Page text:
From the iSyndica Blog, April 30th, 2010.
Terry Barksdale has recorded & produced numerous entertainment programs, commercials and educational videos, but his current life in is giving him some truly off-the-beaten-path material. When one of your users tells you "I may just come to you and hand you my hard drive. Safer - as in the last 3 weeks I have been shot at and barely missed a grenade attack," you sorta perk your head up! Not everyone has the dedication to run around for *that* kind of content!
iSyndica: Quite an adrenaline rush. Did you ever expect to find yourself in such a situation?
It began last year when I was filming the "civil disorder" outside on the street outside my apartment. Protestors were rolling burning buses at lines of troops. You can see the raw footage of this on April 2009 YouTube.
A lot of these shots sold well on iStockvideo (and continue to do so). I had to concentrate on shooting genaric stuff. If you look at shots on iStockvideo, you'll notice all corporate logos, bus numbers, license numbers have been removed to meet the stock copyright infringement criteria. At that point, I was only offering this type of footage on iStock, so I had to meet their non-editorial standards. Other sites, such as Revostock, Shutterstock and Pond5 accept unaltered editorial footage. To get a look at the raw footage from last month, go to YouTube again. In the first segment you can see me get tear gassed, in the second segment you will see wounded protesters.
iSyndica: What inspired you to get into filming? How did you decide to jump into stock?
I decided to become involved in stock because I like the freedom and the entrepreneurial nature of it. It's an income you can have anywhere on the planet. I live in Asia. A portfolio and a Paypal address will get you going. There is longterm feedback loop in stock which I can see is making me a better photographer and a smarter vendor of images. And I am also 56 years old - who wants to deal with clients after 30 years! No more clients, just cash flow. Concentrating on making one good image at a time seemed ideal for me at this point in life. I have discovered good shots (or unique) shots sell. Well conceived shots also do well. After two years, the majority of the shots in my portfolio I would never do again. Why? Because they don't sell. It's been a learning curve and not one for those adverse to risk. I have purchased a camera slider, which is a poor man's dolly to give shots a cinematic feel - as shots with more production value give you the competitive edge. I recently took it to , which was a great use of the device as buildings don't move; so the camera must. Also, this week I purchased a Canon 550D, which allows for prime lenses and greater control of depth of field - which concentrated the viewers attention.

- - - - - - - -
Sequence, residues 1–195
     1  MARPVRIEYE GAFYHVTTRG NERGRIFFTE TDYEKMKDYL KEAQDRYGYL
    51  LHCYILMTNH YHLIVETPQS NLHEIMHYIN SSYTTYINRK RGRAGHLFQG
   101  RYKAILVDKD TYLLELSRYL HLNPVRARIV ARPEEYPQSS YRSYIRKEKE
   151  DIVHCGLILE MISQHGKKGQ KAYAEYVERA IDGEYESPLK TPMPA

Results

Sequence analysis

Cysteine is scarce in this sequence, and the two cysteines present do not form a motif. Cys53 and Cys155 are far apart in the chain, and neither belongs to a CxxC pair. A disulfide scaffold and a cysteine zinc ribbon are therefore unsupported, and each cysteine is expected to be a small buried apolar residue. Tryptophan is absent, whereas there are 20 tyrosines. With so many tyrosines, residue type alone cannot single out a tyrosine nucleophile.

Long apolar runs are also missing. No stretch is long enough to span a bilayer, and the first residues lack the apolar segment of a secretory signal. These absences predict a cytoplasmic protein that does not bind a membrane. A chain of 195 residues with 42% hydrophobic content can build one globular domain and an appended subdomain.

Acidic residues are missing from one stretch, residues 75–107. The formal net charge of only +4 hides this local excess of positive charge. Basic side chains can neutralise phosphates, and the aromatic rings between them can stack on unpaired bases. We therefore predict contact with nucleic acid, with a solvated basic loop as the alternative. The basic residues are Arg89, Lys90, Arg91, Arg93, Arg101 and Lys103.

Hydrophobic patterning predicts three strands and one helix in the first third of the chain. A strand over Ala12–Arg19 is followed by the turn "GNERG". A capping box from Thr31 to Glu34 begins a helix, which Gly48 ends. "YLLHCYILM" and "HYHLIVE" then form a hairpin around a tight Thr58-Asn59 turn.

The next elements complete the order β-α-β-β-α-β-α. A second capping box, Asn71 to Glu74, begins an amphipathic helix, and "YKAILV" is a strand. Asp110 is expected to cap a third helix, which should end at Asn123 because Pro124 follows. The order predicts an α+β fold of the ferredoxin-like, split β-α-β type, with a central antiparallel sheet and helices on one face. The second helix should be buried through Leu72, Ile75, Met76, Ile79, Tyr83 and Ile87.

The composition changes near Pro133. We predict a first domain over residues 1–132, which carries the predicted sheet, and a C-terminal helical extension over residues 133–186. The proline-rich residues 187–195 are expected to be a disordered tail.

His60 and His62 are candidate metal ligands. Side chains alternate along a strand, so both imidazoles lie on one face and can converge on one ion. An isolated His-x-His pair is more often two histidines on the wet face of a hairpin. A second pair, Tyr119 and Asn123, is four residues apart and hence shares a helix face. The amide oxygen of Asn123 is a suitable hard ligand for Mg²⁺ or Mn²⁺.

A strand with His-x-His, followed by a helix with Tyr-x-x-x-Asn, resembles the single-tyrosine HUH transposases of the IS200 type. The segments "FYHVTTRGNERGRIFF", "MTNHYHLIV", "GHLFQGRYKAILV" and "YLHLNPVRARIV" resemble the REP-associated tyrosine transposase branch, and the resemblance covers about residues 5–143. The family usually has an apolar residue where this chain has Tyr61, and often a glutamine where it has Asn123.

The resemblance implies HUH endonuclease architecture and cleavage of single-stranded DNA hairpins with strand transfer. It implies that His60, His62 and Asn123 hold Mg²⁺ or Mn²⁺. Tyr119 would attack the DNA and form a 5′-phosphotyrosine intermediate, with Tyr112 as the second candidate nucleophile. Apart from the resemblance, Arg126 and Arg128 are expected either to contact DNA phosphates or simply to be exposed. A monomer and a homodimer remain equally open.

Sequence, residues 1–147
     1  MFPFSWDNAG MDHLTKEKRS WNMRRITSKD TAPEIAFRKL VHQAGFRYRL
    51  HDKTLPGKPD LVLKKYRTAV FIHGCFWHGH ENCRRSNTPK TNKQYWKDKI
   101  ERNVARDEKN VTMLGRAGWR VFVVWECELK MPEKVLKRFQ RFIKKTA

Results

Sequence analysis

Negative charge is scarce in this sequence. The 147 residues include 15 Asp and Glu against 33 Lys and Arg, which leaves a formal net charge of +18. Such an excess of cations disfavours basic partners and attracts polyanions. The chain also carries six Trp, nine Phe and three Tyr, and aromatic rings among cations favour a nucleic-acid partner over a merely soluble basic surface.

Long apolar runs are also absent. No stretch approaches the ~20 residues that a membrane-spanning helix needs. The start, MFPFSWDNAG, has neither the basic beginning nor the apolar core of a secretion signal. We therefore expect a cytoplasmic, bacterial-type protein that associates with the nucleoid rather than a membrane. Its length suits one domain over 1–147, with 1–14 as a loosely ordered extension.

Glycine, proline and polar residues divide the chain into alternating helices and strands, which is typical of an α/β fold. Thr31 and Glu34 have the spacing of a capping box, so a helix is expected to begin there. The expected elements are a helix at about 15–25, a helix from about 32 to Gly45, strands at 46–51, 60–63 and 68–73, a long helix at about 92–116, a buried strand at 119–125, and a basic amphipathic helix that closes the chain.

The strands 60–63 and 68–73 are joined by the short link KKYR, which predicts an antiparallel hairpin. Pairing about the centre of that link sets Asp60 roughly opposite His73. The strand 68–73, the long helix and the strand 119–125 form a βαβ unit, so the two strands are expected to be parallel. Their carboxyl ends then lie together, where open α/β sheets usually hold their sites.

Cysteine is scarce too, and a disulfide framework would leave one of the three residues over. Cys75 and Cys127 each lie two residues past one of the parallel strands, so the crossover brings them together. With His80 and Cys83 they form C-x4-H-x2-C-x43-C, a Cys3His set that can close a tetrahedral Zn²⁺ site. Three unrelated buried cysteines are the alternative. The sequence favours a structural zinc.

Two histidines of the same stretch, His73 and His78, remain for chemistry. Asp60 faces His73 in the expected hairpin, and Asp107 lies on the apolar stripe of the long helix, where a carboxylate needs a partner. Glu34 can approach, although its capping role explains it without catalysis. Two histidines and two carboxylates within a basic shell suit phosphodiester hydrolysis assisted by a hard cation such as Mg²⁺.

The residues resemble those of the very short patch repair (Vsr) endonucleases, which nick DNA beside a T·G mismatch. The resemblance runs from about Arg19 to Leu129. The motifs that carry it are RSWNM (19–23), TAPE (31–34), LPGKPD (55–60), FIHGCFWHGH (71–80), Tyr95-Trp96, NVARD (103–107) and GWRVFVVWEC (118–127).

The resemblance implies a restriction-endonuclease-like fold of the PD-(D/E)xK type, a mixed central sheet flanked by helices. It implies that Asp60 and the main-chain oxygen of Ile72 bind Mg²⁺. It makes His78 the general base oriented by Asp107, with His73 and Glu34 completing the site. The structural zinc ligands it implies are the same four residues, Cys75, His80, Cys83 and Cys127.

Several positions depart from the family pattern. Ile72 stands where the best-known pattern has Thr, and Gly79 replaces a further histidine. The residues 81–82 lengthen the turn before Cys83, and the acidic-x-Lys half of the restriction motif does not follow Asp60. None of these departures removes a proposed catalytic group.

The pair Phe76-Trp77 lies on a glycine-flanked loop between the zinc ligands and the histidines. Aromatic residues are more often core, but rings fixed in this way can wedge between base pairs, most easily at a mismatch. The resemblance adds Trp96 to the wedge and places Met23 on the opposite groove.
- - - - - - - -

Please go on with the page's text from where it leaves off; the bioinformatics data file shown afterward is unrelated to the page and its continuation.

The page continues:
iSyndica: You shoot a lot of different topics, other than... wartime material. What inspires you the most?
Honestly, whatever I am shooting at the moment takes my full concentration. You need to take a lot of shots to make one good one. And you need to try to sell a lot of footage to understand the stock photo/video market. I find the natural world in macro particularly interesting (although I can't say it sells a lot yet!), insects get my attention. Ironically, cheaper single chip prosumer cameras do better on the focal plane than the bigger ones for marco, this shot taken with a and a $30 dollar screw on macro lens.
iSyndica: If I was inspired by your example... Do burning buses do well for stock?
Yes, they do! War footage is risky, obviously and not for the family minded. It takes it's toll on you emotionally. It's easy to get killed or wounded - as your there literally between the sides in conflict. One photographer near me was killed last month, another wounded. I have seen more dead people in a short time than a person should. But, from a stock footage vantage, unique subjects which occur in time and space sell well - if there is a generic or editorial demand. It's hard to do a staged shot of an urban riot, so your competitors will be few. No second takes on historical events. One idea at a time is a good rule for shooting stock. Look around you and find what is unique and hard to reproduce in your life and locale and reduce it to its raw visual idea. Research, shoot, upload and repeat. Eventually, you'll get it right.
For further reading on Editorial Stock Footage follow this link: